<p>The header consists of a single number followed by a newline
character (ASCII 0x0a). The number is the length of the target in
bytes.</p>

<p>This means that, given a delta, the decoder can compute the size of
the target (and allocate any necessary memory based on that) by simply
reading the first line of the delta and decoding the number found
there. In other words, before it has to decode everything else.</p>

<a name="trailer"><h3>1.2 Trailer</h3>
<img src="delta5.gif" align="left" hspace="10">

<p>The trailer consists of a single number followed by a semicolon (ASCII
0x3b). This number is a checksum of the target and can be used by a
decoder to verify that the delta applied correctly, reconstructing the
target from the original.</p>

................................................................................
2^32-1. A target whose length is not a multiple of 4 is padded with
0-bytes (ASCII 0x00) at the end.</p>

<p>By putting this information at the end of the delta a decoder has
it available immediately after the target has been reconstructed
fully.</p>

<a name="slist"><h3>1.3 Segment-List</h3>
<img src="delta2.gif" align="left" hspace="10">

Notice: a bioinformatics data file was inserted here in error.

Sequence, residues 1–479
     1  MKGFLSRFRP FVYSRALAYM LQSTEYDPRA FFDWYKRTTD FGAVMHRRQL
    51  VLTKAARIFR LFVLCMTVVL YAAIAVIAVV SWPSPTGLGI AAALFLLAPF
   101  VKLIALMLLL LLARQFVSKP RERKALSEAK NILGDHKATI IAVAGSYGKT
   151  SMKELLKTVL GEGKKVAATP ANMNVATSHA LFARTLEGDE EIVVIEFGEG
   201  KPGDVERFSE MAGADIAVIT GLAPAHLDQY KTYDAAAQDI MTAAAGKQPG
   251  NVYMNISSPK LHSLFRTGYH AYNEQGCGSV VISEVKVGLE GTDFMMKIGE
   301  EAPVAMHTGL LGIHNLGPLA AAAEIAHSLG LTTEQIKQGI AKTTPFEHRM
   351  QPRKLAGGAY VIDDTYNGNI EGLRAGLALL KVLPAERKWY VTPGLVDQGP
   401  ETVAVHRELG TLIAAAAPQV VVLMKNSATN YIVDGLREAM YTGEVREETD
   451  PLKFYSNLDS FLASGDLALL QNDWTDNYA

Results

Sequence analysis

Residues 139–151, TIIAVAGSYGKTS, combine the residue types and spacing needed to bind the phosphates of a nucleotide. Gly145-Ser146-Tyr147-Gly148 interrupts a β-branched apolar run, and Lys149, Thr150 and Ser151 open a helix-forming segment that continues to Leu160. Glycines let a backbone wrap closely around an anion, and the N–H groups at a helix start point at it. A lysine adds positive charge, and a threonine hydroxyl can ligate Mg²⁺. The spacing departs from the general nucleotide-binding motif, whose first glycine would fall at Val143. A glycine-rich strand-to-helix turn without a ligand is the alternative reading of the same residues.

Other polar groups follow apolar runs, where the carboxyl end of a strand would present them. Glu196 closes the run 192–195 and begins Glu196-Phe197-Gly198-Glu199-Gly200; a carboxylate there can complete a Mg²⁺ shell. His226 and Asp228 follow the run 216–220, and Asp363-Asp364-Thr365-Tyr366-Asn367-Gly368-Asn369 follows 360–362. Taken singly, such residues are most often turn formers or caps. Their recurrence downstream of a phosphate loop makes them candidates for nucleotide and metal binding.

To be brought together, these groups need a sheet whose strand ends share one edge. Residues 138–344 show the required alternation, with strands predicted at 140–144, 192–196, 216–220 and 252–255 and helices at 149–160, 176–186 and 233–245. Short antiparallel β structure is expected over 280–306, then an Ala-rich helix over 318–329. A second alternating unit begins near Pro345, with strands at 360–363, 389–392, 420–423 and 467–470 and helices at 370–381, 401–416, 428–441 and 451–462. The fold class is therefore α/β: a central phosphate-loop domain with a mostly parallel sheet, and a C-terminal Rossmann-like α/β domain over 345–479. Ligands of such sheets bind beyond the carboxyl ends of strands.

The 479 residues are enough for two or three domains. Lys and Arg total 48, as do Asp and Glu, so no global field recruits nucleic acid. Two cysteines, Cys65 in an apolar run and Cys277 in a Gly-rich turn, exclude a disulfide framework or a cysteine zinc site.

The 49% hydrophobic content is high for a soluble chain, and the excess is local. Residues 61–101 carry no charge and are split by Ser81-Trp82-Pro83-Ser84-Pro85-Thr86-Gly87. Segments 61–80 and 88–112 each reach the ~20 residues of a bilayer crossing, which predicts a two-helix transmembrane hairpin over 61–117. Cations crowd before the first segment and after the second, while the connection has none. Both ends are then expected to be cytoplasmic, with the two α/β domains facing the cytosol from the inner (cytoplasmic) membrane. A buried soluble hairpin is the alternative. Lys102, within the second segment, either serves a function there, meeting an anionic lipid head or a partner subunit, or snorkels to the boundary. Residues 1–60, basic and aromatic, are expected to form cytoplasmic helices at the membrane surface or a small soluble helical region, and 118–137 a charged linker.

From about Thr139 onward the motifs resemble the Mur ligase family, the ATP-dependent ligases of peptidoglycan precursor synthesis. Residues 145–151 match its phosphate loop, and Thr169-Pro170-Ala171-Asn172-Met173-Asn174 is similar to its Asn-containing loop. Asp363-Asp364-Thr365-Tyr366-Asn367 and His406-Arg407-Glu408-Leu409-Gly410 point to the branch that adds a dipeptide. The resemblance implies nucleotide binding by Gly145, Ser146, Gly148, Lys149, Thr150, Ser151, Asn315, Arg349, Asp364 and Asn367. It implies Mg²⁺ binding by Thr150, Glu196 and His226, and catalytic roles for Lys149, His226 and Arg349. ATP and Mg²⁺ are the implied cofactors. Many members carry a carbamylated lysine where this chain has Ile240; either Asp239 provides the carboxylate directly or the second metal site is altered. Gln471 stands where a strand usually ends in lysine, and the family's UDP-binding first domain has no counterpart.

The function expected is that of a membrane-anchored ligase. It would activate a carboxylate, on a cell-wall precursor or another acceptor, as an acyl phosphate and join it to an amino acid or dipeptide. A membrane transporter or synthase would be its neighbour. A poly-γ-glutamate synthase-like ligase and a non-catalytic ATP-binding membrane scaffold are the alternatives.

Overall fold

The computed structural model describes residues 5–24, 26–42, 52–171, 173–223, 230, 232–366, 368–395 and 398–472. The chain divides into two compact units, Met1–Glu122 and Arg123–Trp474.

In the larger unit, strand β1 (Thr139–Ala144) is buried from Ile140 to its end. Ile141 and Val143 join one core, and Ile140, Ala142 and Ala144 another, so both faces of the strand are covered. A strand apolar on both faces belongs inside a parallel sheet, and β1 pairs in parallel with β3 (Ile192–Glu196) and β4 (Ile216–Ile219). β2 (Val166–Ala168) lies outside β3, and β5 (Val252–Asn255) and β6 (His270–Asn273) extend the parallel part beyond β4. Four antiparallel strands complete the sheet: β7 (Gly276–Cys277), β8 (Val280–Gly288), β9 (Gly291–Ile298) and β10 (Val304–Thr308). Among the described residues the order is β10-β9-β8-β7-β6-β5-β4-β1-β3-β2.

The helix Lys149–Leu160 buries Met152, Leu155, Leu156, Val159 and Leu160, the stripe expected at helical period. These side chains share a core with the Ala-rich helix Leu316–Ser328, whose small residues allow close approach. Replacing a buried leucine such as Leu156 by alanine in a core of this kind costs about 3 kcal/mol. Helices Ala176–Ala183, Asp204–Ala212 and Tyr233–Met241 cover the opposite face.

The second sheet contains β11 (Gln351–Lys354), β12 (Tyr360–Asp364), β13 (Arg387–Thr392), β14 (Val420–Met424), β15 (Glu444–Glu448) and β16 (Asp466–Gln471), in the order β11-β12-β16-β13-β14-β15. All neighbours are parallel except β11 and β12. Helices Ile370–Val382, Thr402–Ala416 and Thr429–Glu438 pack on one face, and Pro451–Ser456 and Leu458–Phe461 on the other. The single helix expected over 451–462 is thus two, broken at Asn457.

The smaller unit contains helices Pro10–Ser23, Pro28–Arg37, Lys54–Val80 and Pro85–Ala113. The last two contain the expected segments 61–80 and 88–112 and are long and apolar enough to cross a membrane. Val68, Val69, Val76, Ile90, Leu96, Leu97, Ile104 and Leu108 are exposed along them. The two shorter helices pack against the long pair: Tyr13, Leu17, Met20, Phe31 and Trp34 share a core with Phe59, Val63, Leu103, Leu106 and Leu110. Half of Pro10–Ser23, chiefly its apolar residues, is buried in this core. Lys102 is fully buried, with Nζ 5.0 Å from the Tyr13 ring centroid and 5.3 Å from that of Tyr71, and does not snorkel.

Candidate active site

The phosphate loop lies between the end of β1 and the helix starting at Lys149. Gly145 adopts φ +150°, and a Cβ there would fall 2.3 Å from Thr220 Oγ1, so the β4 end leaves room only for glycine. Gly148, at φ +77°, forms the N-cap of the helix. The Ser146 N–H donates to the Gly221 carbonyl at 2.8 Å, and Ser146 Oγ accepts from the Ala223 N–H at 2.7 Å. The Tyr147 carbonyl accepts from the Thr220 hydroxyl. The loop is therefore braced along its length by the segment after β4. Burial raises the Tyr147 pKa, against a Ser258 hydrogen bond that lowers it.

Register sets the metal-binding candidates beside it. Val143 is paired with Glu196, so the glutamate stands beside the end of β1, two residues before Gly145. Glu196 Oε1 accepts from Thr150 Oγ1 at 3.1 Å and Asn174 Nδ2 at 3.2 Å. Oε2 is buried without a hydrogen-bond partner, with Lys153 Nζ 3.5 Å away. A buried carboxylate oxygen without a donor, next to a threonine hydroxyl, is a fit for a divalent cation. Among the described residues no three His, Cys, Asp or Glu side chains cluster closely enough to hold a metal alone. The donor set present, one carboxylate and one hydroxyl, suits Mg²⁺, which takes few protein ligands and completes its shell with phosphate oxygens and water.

<p>The segment-list of a delta describes how to create the target from
the original by a combination of inserting literal byte-sequences and
copying ranges of bytes from the original. This is there the
compression takes place, by encoding the large common parts of
original and target in small copy instructions.</p>

<p>The target is constructed from beginning to end, with the data
generated by each instruction appended after the data of all previous
instructions, with no gaps.</p>

<a name="insertlit"><h4>1.3.1 Insert Literal</h4>

<p>A literal is specified by two elements, the size of the literal in
bytes, and the bytes of the literal itself.</p>

<img src="delta4.gif" align="left" hspace="10">
<p>The length is written first, followed by a colon character (ASCII
0x3a), followed by the bytes of the literal.</p>

<a name="copyrange"><h4>1.3.2 Copy Range</h4>

<p>A range to copy is specified by two numbers, the offset of the
first byte in the original to copy, and the size of the range, in
bytes. The size zero is special, its usage indicates that the range
extends to the end of the original.</p>

<img src="delta3.gif" align="left" hspace="10">
<p>The length is written first, followed by an "at" character (ASCII
0x40), then the offset, followed by a comma (ASCII 0x2c).</p>

<a name="intcoding"><h2>2.0 Encoding of integers</h2>

<p>
The format currently handles only 32 bit integer numbers. They are
written base-64 encoded, MSB first, and without leading
"0"-characters, except if they are significant (i.e. 0 => "0").
</p>

<p>
The base-64 coding is described in
<a href="http://www.ietf.org/rfc/rfc3548.txt">RFC 3548</a>.
</p>

<a name="examples"><h2>3.0 Examples</h2>

<a name="examplesint"><h3>3.1 Integer encoding</h3>

<table border=1>
<tr>
<th>Value</th>
<th>Encoding</th>
</tr>
<tr>